It was here that I spotted the first small group of goats. Tamsin was busy sketching a view that she felt would inspire her fantasy writings, and so I was meandering amongst the rocks when I spotted 3 goats a little below Llyn Du. At a distance that was towards the limit of the optics that I was carrying, the normally very skittish creatures remained relaxed whilst I took a few pictures & then retreated.

We continued to enjoy our time on the mountain but it wasn’t until we were practicing our parkour balance descending the wet rocky track at a fair rate of knots, that our second goat sighting occurred. We heard an eerie bleating from several hundred feet above us. Tamsin the trusty spotter wheeled around to see…

Spotter Tamsin

.. two billy goats with generous horns calmly grazing amongst the crags & another goat high above them, bleating (see featured header image).

Billy Goat

I did take some rather shaky video of the goats but given that for part of it I was prone in a midge infested bog at the time the quality is limited, apologies.

Hope you enjoyed, take care of yourself & our precious planet 🙂

Excitement on a misty morning

Saturday morning dawned with mountain mist and a quiet rumbling in the hills.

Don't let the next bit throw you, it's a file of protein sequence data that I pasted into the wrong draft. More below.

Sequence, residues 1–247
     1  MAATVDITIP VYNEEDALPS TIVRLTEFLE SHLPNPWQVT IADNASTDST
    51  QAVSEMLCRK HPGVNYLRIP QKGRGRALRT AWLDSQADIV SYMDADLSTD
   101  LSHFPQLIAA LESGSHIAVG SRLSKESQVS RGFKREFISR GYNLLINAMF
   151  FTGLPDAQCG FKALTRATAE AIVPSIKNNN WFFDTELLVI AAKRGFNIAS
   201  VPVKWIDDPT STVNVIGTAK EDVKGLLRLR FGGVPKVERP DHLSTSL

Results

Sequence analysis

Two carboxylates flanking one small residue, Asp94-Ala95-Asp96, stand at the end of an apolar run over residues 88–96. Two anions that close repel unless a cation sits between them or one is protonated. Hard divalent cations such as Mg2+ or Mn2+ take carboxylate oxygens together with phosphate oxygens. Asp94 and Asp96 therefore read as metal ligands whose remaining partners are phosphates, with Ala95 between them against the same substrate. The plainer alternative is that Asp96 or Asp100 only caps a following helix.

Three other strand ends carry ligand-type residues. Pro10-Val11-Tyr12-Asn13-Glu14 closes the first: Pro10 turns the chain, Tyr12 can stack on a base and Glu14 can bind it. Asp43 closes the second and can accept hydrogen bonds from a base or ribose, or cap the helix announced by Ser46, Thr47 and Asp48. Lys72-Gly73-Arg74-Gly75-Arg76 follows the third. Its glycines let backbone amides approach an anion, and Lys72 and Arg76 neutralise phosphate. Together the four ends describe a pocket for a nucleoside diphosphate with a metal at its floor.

We packed our flask full of warming chilli & tub of flapjacks, along with just a little photo kit 😉 and headed out on foot for Gartheiniog.
Here we found international sports stars like freshly reconfirmed world champion Sebastien Ogier and previous Wales Rally GB winner Jarri-Matti Latvala (pictured) guiding their rally cars through the forestry with the grace of an ice dancer and the pace of a cheetah. The precision & speed carried by the top drivers through even the most awkward of hairpins was a treat to watch. And all this whilst the cat & mouse battle for the lead continued between Ogier & Tanak.

JM Latvala

We enjoyed our lunch taking in the view of sublime autumn colours reflected in the calm waters of a small lake (pictured). Our snack was not only serenaded by the local birdlife but also by the whoops, laughter & air-horns of passionate & fun-loving rally fans.

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And what do you know, our afternoon was then filled with the pops, bangs and hisses of some classic older rally cars. The air filled with an evocative mix of autumn woodland & synthetic motor oil and we watched these valiant cars, from Imprezas, to Metros (pictured) and plenty of Escorts of course.

bp2r4329-29oct2016

A great day of entertainment in a setting that few could better.